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Vail Valley Yoga Soup: Breathe deep for inner peace

R. Christian Minson and Amy Baker
Vail, CO Colorado

VAIL VALLEY “-When the sun in Colorado’s Vail Valley cracks in your window in the morning and you throw the covers off the bed do you feel like shouting out “I feel like the sun is shining on me from the inside out!”?

Well, maybe this is a little over the top given the emotional upheaval that is plaguing the majority of the population in these turbulent times, but we believe it can be your statement of hope and relief. And that’s what we are all after, right? A little hope and relief. Well for us, that relief comes in the form of breath. Sound too good to be true, not complicated enough to have such a transformational effect?

We believe there is nothing more foundational to our holistic health and healing ” physical, emotional and spiritual ” than our breathing. This healing and wellness can be accelerated through the use of conscious breathing techniques.



To quickly comprehend the effectiveness of transformational breathing, thumb through the book “Breathe Deep, Laugh Loudly,” by Dr. Judith Kravitz, founder of the Transformational Breath Foundation. The many examples in this paperback support the powerful declaration from prominent psychotherapist, Dr. Henry Smith-Rohrberg that “One transformational breath session is equivalent to about two years of psychotherapy.”

There is a direct link between the quality of our breathing and the quality of our lives. Conscious breathing shifts the way we are feeling in the moment simply by changing the pattern of our breath. Almost everyone suffers from stored emotional energy patterns from the past: Traumas, parental issues, depression and abuse. Unfortunately, the list can be quite long for many people. Employing transformational breathing helps us to “loosen” and integrate stuck energies that no longer serve our highest good, which translates into emotional balance and freedom from chronic issues and reoccurring illnesses.



On a metaphysical level, the breath is synonymous with our spirit. Rev. Michael Bernard Beckwith of the Agape movement calls the breath, “Our biological reminder of who we are and of whose we are.” According to ancient wisdom of the East, Prana, or life energy, is said to be generated in large part through our breathing. Dr. Andrew Weil states, “Breath is the movement of the spirit in the body.”

In fact, the word spirit itself comes from the Latin root spiritus, which means to breathe. The word respiration comes from the root respirare, which means to re-spirit. In other words, every time we take in a breath, we are literally “re-spiriting” our bodies with that primary energy/prana that is the essence of our being. Breathing techniques can be used to create a deeper connection with Spirit and with all life, resulting in an increased intuitive awareness and a blissful outlook on life, unaffected by the ups-and-downs inherent in nature. Given the current climate of what is happening around all of us, wouldn’t it be great to tap into that blissful outlook and get a little inner peace?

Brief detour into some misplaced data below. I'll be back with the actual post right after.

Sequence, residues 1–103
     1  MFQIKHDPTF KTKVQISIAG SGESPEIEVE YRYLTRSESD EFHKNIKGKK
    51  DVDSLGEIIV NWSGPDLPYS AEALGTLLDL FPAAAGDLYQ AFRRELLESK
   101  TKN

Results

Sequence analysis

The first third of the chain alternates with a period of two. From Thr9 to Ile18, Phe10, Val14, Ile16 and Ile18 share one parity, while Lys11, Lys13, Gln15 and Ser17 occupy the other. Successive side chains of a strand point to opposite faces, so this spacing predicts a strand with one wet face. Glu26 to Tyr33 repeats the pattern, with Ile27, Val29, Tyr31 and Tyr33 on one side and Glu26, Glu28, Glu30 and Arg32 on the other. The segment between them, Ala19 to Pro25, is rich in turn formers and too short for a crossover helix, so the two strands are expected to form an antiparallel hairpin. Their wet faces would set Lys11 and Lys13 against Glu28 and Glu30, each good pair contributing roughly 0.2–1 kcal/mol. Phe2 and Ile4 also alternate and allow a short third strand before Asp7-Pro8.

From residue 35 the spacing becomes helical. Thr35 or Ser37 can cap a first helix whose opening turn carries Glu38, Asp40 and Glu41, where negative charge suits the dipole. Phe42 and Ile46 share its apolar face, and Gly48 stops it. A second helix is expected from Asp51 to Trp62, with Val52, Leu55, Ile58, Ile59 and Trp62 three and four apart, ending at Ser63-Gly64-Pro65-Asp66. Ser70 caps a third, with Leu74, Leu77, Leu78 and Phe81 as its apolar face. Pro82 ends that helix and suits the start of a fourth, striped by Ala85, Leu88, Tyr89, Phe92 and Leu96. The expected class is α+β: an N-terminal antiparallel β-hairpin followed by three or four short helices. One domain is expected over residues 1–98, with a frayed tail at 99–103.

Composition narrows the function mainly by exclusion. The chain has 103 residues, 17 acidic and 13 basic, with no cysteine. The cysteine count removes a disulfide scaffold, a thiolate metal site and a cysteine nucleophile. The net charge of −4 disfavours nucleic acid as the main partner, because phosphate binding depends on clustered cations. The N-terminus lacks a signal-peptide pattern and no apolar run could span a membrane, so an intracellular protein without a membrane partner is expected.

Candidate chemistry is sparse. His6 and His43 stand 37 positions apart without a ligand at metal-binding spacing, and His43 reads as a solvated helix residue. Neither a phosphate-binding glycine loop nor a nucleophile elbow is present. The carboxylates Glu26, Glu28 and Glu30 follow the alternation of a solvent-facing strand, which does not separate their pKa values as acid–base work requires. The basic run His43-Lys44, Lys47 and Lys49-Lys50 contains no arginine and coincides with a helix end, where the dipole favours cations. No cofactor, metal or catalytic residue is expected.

On a functional level, the breath is our body’s system of perpetual regeneration: Breathing out carbon dioxide and other toxic material dumped into the blood stream as our cells perform their routine functions, and breathing in oxygen/prana to recharge those same cells with an ample supply of their most critical energy source, so they perform at optimum levels.



We all breathe in this manner, but how many of us really breathe correctly? From our experience, approximately 90 percent of the population could improve the way they breathe. We take an average of 17,000 breaths per day. If we can affect even one small improvement in the way we breathe, that change will be compounded more than 6 million times in one year. In the business world, that would be an example of a phenomenal return on your investment.

You may ask, “How do I begin?” The first thing to do is to become aware of your breath. As you watch your own process of breathing, ask yourself these questions: Am I breathing in my belly AND my chest, or only one or the other? Does it hurt when I breathe? Where do I feel the pain? Do I hold my breath when I am anxious or scared? Is my breathing full-bodied or shallow? Observation is the first step to understanding what is going on within you and what needs to be changed in order to live a happier, more fulfilling life.

When embarking on a deeper exploration of the breath, it’s best to seek out trained facilitators. Not all facilitators are the same. Do your homework: Study their literature, investigate their Internet presence, and ask for references or testimonials. If you have any cause for question or concern, talk with others who have worked with that facilitator. A good match between client and healer makes a world of difference to the quality of your experience.

When we begin to make a conscious effort to understand the power inherent in our breathing, it is then that we will truly comprehend that “as your breath flows, so your life flows.”

R. Christian Minson is a certified breathing teacher trained under Dr. Judith Kravitz, co-founder of Transformational Breathing. Visit http://www.breathflow.com for more information. Minson will be teaching classes at Dogma Athletica Saturday and Sunday. Amy Baker is the yoga program director for Dogma Athletica, a yoga studio in Edwards. For more information, call 970-688-4433.


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